An adult adoptee attempts to connect with his birth father, who then concocts a cockamamie scheme to have his younger brother pretend to be Dear Old Dad, in Steven Drukman’s The Prince Of At Atlantis, now getting its World Premiere at South Coast Repertory.
Then, about midway through, The Prince Of Atlantis starts to exert its magic and becomes something a good deal more special as its characters begin to snap, crackle, and pop, an unexpected bond is formed, a third-act twist occurs—and presto voilà, Drukman’s play turns into, if not Must See Theater, at the very least something well worth checking out.
We first meet brothers Joey and Kevin Colletti (John Kapelos and Matthew Arkin) in the visiting area of a minimum security Massachusetts prison where frozen fish mogul Joey, aka The King Of Atlantis, has been incarcerated for mislabeling some of his catch. With just nine months remaining on his sentence, Joey asks Kevin to help him convince Miles Overten (Brett Ryback), his recently found son, to hold off on paying him a visit, at least till Joey gets out of the slammer. This involves having Kevin email Miles that he, Joey, will be completely out of touch in the jungles of Vietnam for the next—you guessed it—nine months. (See what I mean by cockamamie?) Despite some initial reluctance, Kevin does agree to sending off the email, in which he suggests that Miles consider paying Dad a visit once Joey is back in the States. When Miles jumps the gun and visits the Colletti home about nine months ahead of schedule, he quite naturally assumes (this still being part of the sitcommy setup) that Kevin is Joey, and Kevin, quite naturally—and for the same reason—can’t seem to find a way to set him straight.
Aside from their Boston accents, The Colletti brothers couldn’t be more different. Joey is a scrappy, fast-talking, take-chances businessman. Kevin is a pot-smoking, Shakespeare-reading, lifelong loser who’s been institutionalized for depression on more than one occasion. Both sprinkle their sentences with the “Lake Talk” jargon endemic to the Nonantum neighborhood of Newton, MA. (According to the handy glossary on page P-3 of the program, “That crazy guy gave the pretty girl some cash” would translate into “That divia mush gave the quistya jival some wonga.”)
Joey and Kevin’s first scene is straight out of sitcom land, and so too, at least at first glance, is Joey’s smart-talking bimbo of a girlfriend Connie Bonfiglio (Nike Doukas), who’s none too happy with the idea that a preexisting heir to Joey’s business empire (i.e. Miles as the titular Prince Of Atlantis) might get in the way of her own offspring’s inheritance, that is should Joey finally agree to marry her and father her child.
Once Kevin and Miles begin to connect, however, The Prince Of Atlantis begins to replicate real life as we know it, or at least as we’ve seen it on stage and screen, with uncle and son bonding over the many things they have in common, making all the more understandable Kevin’s reluctance to burst Miles’ bubble by revealing that his old man is a crook not due for release for another nine months.
Director Warner Shook, who won a pair of Scenies for his direction of SCR’s The Importance Of Being Earnest and Crimes Of The Heart, makes the very most of a script which, while not completely there yet, is most certainly heading in the right direction, particularly as performed by a stellar L.A.-based ensemble.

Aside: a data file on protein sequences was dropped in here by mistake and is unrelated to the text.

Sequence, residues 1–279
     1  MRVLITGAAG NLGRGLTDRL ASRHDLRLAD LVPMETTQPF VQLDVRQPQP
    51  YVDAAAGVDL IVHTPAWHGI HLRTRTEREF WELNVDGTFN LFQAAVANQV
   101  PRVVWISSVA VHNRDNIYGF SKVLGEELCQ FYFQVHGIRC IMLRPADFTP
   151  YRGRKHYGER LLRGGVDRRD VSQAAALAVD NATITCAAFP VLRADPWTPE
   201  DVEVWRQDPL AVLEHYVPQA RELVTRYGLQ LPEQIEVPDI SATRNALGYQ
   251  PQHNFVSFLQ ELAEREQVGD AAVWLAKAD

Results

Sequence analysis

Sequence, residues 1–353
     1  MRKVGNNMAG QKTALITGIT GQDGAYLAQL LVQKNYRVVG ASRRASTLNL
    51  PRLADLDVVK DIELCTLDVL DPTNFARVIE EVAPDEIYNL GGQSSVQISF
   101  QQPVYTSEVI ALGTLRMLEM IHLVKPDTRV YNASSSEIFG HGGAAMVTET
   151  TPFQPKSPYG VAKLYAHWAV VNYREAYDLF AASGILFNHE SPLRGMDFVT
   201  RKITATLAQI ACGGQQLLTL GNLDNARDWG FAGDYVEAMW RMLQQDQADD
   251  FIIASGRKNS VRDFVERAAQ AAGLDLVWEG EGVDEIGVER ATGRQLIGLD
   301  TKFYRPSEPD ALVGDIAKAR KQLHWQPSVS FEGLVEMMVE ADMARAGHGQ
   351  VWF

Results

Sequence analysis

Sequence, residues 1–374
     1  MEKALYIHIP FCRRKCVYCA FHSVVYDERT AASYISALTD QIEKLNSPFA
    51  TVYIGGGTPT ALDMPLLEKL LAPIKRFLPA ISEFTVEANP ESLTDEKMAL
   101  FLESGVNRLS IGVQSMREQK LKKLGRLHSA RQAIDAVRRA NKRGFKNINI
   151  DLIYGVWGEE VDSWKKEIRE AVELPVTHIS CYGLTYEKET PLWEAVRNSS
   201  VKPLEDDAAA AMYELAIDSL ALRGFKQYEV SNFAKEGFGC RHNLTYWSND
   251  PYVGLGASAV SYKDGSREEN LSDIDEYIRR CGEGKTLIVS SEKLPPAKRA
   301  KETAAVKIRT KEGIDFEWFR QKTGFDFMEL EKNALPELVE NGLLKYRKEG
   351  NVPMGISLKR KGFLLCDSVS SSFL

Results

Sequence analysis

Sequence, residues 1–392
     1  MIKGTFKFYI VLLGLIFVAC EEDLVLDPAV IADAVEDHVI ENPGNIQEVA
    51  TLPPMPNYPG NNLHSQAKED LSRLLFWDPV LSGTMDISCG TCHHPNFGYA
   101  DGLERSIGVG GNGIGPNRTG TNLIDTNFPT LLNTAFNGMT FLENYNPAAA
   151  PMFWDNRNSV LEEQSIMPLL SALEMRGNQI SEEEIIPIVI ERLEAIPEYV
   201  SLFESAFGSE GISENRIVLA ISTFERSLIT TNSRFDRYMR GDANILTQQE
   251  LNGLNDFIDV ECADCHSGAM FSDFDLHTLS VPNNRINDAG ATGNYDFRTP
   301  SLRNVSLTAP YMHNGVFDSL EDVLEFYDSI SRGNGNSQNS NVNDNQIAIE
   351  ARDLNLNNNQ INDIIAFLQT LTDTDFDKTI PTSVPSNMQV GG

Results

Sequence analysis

Kapelos, still probably best known as that Breakfast Club janitor, gives Joey a brash panache that makes the older brother’s frequent use of “dictionary words” he’s learned in the pokey seem almost natural, and he and Arkin have terrific sibling chemistry.
South Coast Rep regulars can rejoice in Doukas’ umpteenth SCR appearance (her program bio makes this at least her seventeenth), as the Southland treasure imbues Connie with effervescence, sass, street smarts, and heart.
It’s a treat to see triple-threat musical theater performer (and playwright, and musician, and songwriter) Ryback in purely comedic/dramatic mode for a change, and his subtle work as Miles contrasts rewardingly with his castmates’ more “colorful” roles and knife-thick Boston accents.
Finally, as Kevin, Arkin invests the play’s most complex character, an underachieving pothead with an affinity for Shakespeare and a heart of gold, with oceans of depth, making his scenes with Ryback the play’s emotional core and one of the keys to its success.
There is some script tweaking to be done. Characters could be fleshed out a bit more, particularly Joey, and though Newtonians may indeed use “Lake Talk” as pervasively as do the brothers Colletti, a little goes a long way on stage, or at least it did for this reviewer. As for Miles’ bisexuality, it seems tacked on for no particular reason.
One area where The Prince Of Atlantis could hardly be better is in its design, most notably Tom Buderwitz’s “Little Mermaid On Acid” set, one which masterfully integrates just about every oceanic cliché imaginable (the octopus chandelier is a particular delight) into one over-the-top marvel of scenic design. Peter Maradudin’s vivid lighting design makes Buderwitz’s set and Angela Balogh Calin’s splendid costumes, look all the flashier. Musical director Michael Roth’s original music aids considerably in the play’s tonal shifts, and Philip D. Thompson’s dialect coaching makes for some ear-catching vowels. Kelly L. Miller is dramaturg, Jackie S. Hill, production manager, and Chrissy Church stage manager.
Though not quite as “wicked pissa” (extremely excellent) as the best of South Coast Repertory’s World Premieres, The Prince Of Atlantis, workshopped and developed in last year’s Pacific Playwrights Festival, turns perfect enough in its final scenes to become an authentic crowd-pleaser. And you can bet wonga on that!
South Coast Repertory, 655 Town Center Drive, Costa Mesa.
April 10, 2012
Photos: Henry DiRocco